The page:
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Buyer's Guide: How to buy the best of the Canterbury scene

Late-60s Caravan: (l-r) Dave Sinclair, Richard Coughlan, Pye Hastings, Richard Sinclair
Late-60s Caravan: (l-r) Dave Sinclair, Richard Coughlan, Pye Hastings, Richard Sinclair (Image credit: Barry Plummer)

There are two things worth knowing about the 70s Canterbury scene. One is that many of its major players are not actually from Canterbury. The other is that there is/was no such thing as a ‘Canterbury scene’, according to even some people who were in it.

However, even those who say the scene never existed would agree that the tree from which the music blossomed was Wilde Flowers, which included all four original members of Caravan and a couple of Soft Machine men. Following branches from Wilde Flowers will lead you to just about every Canterbury scene band/artist of note.

You have Soft Machine, originally free-form experimentalists and psychedelic noodlers who developed into full-blown jazzers and were many rock fans’ introduction to jazz via their album Third.

There’s Steve Hillage’s band Khan, whose solitary album Space Shanty is a relatively unknown jewel, with ideas ranging from the spacey to the hard rocking, and featuring some outstanding playing from Hillage and keyboard player Dave Stewart. From there it’s but a short hop to Stewart’s post-Uriel keyboard-led trio Egg, who loved to blend a nice tune with a time signature that would make your head spin. Stewart later took his dizzying keyboard virtuosity to Hatfield And The North and National Health, both of whom blended Canterbury with jazz structures and produced music that was by turns emotive, jazzy, original, oddball and decidedly groovy.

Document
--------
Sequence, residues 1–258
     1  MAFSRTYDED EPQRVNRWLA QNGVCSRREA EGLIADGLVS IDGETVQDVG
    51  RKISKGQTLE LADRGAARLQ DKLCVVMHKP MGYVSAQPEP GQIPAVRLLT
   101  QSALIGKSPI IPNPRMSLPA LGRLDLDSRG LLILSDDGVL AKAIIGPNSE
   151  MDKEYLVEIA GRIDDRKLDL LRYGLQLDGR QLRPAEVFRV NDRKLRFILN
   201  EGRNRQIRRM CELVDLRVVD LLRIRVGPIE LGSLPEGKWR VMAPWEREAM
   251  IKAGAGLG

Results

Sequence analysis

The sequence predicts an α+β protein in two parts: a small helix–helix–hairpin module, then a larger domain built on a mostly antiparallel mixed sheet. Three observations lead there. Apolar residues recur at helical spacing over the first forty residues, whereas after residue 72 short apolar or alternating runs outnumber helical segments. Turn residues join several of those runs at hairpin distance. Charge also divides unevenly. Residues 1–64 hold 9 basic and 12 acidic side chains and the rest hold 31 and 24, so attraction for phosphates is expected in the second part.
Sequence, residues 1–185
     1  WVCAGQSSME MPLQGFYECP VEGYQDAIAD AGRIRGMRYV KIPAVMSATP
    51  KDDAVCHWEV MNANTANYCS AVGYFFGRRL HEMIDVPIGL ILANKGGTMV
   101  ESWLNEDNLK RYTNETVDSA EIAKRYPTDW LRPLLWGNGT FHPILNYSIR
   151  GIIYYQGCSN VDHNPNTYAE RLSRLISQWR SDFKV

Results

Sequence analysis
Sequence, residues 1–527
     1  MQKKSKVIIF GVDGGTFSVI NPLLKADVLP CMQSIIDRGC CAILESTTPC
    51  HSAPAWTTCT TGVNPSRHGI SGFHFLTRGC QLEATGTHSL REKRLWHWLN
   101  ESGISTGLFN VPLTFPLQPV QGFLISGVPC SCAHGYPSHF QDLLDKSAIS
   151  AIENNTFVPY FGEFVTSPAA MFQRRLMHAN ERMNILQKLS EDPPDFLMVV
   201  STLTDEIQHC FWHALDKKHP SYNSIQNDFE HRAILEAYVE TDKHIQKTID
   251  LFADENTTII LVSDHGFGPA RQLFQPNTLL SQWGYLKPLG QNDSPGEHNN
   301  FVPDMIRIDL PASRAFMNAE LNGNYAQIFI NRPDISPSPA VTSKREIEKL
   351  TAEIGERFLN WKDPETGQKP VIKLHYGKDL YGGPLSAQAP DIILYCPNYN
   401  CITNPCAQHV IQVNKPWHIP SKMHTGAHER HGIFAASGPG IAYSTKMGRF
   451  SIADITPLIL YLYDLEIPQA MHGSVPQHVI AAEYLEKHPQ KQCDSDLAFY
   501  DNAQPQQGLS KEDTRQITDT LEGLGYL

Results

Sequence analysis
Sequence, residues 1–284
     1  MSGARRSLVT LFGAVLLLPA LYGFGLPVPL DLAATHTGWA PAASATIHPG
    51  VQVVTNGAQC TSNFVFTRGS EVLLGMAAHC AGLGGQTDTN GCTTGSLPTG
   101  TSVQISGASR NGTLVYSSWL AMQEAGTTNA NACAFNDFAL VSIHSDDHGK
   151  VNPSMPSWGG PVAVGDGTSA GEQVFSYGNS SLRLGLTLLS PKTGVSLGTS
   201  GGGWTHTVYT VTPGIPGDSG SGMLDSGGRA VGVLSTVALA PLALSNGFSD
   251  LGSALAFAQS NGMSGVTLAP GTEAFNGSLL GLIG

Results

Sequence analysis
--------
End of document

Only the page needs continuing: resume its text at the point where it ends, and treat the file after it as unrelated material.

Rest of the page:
Elsewhere you would just have to stop off at blond heartthrob Kevin Ayers. Apart from some evergreen songs, you could also rely on Ayers to deliver the maddest lyric imaginable with tremendous cool and complete sincerity.

You’d also come to Gong, the Anglo-French revolving-door collective of muso hippies whose line-ups included some seriously talented musicians and recorded music ranging from the unlistenable to the unmissable, from early psychedelic trip-outs to jazz rock with soul.

Look around a bit more off the beaten track and you’ll also come across Henry Cow, Centipede, Gilgamesh, Delivery, Quiet Sun and many more, all of whom played a part in making the Canterbury scene such a rich, varied and, importantly, fun place to explore.


The Canterbury scene’s classic albums

Caravan - In The Land Of Grey And Pink (Deram, 1971)

Very probably the only great rock album that begins with a ‘laughing’ trombone, ITLOGAP is a pivotal album of 70s prog, from the Canterbury scene’s de facto heads of state. The old-school charm of Golf Girl and the melodic elegance of Winter Wine – the latter arguably the best ‘short-course’ track the band ever recorded – are Caravan signatures, while the (vinyl side-long) expansive, multi-faceted Nine Feet Underground is in a class of its own.